Love, the Nice Guy

Songs:Treat You Better” (Shawn Mendes), “We Don’t Talk Anymore” (Charlie Puth feat. Selena Gomez), “Never Be Like You” (Flume), “Close” (Nick Jonas)

Probably the most important realization about love is that no one person belongs to another. You know this. I know this. But so many Top 40 heroes don’t seem to, especially if we look at songs like “Treat You Better” by wee puppy Shawn Mendes, who channels T. Swift’s “You Belong With Me” into something vaguely creepy. True, he’s not threatening his subject, but he’s still sitting offside, having a cry about how he’s the better choice, as if she isn’t in control of her own destiny. Like, bro: Take a sip. Your thirst is almost as audible as Charlie Puth’s.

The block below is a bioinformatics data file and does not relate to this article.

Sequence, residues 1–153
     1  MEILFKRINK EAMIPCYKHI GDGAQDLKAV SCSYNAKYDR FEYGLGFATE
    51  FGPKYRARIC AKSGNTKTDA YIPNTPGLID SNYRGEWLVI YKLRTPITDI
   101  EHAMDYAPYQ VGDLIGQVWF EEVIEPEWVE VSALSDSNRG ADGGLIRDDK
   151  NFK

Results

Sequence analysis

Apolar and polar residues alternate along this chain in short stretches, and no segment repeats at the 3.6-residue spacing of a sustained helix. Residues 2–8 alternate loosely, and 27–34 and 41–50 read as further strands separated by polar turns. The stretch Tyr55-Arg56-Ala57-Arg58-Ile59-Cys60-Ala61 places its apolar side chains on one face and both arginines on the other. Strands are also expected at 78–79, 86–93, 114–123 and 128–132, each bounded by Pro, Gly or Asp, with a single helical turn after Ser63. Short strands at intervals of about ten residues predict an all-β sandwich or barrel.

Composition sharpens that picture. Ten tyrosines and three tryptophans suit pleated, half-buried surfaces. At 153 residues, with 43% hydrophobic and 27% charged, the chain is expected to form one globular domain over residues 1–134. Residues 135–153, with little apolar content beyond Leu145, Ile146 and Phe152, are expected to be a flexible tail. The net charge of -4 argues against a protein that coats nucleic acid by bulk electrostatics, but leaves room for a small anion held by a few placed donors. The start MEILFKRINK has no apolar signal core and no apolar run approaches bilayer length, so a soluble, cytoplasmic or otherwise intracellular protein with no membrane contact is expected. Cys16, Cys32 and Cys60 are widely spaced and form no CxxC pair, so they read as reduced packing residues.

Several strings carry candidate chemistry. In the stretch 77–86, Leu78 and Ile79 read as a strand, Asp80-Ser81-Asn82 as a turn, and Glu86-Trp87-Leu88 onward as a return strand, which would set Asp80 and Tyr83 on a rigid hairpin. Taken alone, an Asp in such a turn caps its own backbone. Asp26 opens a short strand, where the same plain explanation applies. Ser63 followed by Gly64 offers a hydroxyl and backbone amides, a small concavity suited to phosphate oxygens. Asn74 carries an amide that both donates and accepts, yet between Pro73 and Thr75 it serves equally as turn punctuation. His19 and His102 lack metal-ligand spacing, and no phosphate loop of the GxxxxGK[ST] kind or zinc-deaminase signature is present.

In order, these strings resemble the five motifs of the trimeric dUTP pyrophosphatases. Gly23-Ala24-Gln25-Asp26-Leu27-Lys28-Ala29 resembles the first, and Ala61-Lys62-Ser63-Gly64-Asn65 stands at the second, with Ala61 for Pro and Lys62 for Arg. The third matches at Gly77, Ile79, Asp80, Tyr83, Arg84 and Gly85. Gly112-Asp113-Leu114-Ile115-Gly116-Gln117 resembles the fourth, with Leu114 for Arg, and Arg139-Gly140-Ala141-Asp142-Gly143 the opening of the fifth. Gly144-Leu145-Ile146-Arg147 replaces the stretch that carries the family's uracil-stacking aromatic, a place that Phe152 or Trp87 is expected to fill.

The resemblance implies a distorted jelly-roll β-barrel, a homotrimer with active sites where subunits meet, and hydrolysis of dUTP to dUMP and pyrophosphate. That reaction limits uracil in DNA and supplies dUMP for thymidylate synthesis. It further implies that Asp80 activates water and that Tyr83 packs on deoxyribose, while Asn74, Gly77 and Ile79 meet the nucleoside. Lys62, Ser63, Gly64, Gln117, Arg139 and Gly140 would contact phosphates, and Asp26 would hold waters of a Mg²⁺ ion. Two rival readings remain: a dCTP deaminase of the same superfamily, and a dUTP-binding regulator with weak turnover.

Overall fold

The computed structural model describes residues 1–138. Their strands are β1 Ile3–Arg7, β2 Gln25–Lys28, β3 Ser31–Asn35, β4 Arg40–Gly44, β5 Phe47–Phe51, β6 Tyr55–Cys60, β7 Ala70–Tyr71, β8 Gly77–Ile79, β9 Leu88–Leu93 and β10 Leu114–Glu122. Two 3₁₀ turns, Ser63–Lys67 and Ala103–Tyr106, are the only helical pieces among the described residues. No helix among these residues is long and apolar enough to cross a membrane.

Because, oh man, Puth is sad. As if performing the song with his head hanging low à la George Michael Bluth, the man spends the track’s entirety dabbling in stalker talk, first moping about how he and his ex don’t talk anymore before claiming he’s got no interest in the dress she’s wearing tonight. (Sure.) So this? This isn’t a love song. It’s is a slow-burning tantrum with woe-is-me masquerading as sentimentality. Unrequited love may still be love, but since he’s blaming her for the downfall (“Should have known your love was a game”), this isn’t exactly a jam to throw on for the first dance.

Kind of like “Never Be Like You,” where Flume’s guest singer straight-up admits to fucking up before apologizing to the tune of “and let me list all the things that are so great about you.” Apologies do not a great love song make. (And neither does saying “space was just a word made up by someone who’s afraid to get close,” Nick Jonas.)

And Then a Hero Comes Along